There is “disagreement over whether FERC has the authority to protect consumers from price impacts in the physical energy markets resulting from manipulation occurring in the financial markets,” although “FERC believes that in the Energy Policy Act of 2005, Congress authorized FERC to protect against manipulation that affects the wholesale natural gas and electric markets.”
The D.C. Circuit’s holding in Hunter that the CFTC has exclusive jurisdiction over futures, “depriv[es] FERC of authority to bring an action based on manipulation in the futures market even though the activity affected prices in the physical natural gas and electricity markets.” Chairman Wellinghoff stated that he “support[s] a legislative fix to eliminate uncertainty on this matter and ensure that FERC has the full authority needed to police manipulation of wholesale physical natural gas and electric markets.”
On September 6, 2013, Senators Wyden and Feinstein responded to Chairman Wellinghoff’s August 2013 letter with strongly worded statements, indicating that Congressional intervention can be expected to ensure that FERC and the CFTC meet their requirement to monitor trading in the natural gas and electricity markets and effectively protect consumers against market manipulation. The Senators previously explained in the April 2013 letter that “[w]hile Federal statute divides the jurisdiction of FERC and CFTC between cash markets and futures markets, respectively, Federal law also recognizes that detecting many forms of manipulation in these integrated markets requires active oversight of both markets in an integrated fashion.” Senator Wyden’s September 6th statement identifies the CFTC as the obstacle to such integrated market oversight and makes clear the Senator’s intent to address the issue at the Congressional level:
In the wake of the Enron scandal, Congress took steps in 2005 to strengthen the Federal Energy Regulatory Commission’s authority to police the energy markets. While FERC has already taken major enforcement actions against traders and companies that manipulated energy prices, it appears that their federal counterparts at the CFTC have been working to undermine FERC’s efforts. Chairman Wellinghoff has asked Congress to step in and I will be consulting with our colleagues on Capitol Hill about doing exactly that.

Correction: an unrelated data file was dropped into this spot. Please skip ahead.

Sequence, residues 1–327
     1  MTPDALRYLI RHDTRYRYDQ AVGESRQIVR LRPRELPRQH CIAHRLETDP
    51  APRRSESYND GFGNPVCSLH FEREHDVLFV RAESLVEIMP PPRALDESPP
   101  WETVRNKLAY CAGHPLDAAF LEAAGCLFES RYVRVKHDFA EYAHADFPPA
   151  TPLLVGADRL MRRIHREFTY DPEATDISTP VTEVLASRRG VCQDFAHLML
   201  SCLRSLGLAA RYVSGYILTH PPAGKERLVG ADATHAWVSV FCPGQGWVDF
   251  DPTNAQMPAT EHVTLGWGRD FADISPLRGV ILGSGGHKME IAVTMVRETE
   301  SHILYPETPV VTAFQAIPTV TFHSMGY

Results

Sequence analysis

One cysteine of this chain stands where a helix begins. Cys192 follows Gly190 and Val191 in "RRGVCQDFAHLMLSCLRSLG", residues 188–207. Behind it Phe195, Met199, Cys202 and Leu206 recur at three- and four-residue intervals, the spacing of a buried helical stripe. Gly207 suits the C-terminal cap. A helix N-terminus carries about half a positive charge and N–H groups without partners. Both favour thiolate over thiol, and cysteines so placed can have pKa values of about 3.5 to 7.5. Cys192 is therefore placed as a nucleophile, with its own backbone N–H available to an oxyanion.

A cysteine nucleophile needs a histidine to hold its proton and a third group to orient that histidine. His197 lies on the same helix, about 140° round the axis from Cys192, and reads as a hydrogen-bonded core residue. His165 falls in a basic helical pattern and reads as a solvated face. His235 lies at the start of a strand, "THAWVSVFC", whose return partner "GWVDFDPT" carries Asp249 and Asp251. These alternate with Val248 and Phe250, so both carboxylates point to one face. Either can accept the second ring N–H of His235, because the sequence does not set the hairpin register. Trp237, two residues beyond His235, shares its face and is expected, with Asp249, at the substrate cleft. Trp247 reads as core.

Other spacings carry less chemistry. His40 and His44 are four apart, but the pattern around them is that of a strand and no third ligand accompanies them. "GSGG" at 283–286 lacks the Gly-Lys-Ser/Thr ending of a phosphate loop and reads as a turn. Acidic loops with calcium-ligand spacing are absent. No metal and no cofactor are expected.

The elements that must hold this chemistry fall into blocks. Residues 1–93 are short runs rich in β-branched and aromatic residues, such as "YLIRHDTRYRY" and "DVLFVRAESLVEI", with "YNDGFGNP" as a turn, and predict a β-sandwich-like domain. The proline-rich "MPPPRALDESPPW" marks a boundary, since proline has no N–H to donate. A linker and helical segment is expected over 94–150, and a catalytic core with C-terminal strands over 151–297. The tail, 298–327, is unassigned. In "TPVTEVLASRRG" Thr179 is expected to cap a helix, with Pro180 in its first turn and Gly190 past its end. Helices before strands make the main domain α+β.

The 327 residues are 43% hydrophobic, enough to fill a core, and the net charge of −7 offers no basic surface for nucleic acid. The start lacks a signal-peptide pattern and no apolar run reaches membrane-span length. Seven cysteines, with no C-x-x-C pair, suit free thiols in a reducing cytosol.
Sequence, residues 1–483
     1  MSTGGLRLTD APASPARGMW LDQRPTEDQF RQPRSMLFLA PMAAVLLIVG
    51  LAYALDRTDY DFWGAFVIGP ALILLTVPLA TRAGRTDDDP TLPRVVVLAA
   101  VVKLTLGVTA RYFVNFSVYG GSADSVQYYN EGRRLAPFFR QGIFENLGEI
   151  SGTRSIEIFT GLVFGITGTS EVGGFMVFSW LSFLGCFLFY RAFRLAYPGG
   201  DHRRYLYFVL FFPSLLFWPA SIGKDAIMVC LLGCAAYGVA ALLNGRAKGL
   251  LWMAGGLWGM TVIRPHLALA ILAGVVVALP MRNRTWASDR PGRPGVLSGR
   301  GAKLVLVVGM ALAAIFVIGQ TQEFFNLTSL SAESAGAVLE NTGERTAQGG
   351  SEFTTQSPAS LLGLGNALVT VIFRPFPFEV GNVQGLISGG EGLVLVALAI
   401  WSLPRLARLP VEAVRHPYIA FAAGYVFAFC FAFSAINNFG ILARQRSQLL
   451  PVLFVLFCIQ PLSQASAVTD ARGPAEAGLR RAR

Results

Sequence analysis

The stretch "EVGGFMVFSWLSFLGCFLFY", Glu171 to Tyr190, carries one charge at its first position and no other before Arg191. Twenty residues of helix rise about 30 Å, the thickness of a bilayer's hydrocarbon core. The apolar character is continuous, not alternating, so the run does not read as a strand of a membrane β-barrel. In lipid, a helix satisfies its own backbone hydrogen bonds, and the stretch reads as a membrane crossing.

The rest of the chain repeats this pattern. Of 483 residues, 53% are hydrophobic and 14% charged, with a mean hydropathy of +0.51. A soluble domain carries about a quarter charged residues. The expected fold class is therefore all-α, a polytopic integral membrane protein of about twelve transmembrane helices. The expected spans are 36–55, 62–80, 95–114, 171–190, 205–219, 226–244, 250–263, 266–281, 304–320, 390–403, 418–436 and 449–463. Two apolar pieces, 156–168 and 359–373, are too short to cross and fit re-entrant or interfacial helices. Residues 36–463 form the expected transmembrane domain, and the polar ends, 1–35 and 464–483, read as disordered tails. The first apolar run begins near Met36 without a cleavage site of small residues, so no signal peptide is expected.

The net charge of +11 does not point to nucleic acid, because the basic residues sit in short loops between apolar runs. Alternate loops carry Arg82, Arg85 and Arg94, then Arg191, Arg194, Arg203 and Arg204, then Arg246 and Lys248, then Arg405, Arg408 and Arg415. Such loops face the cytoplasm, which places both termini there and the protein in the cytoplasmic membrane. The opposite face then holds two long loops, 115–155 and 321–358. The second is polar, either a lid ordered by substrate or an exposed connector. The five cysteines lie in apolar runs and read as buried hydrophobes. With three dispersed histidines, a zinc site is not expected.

Senator Feinstein was equally as critical of the CFTC’s failure to cooperate in her September 6th statement:
In the Dodd-Frank Act, Congress directed CFTC and FERC to cooperate in order to protect American consumers from manipulation, so it is unconscionable the CFTC would be unwilling to share this essential information with FERC.
The entirety of Senator Wyden’s and Feinstein’s September 6th statements in response to Chairman Wellinghoff’s August 2013 letter can be read here.
The news release regarding Senator Feinstein’s and Senator Wyden’s September 6th statements ended by noting that the record penalties recently assessed by FERC against JP Morgan ($410 million) and Barclays and four individual Barclays traders ($453 million) were achieved using legislative authority that was co-sponsored by Senators Wyden and Feinstein in 2005. See our previous post. With Chairman Wellinghoff’s engagement of Congress to fashion a new legislative fix to ensure that FERC is imbued with the authority necessary to maximize its enforcement powers, we certainly can expect to see sustained surveillance of the energy markets and enforcement efforts by the federal regulator.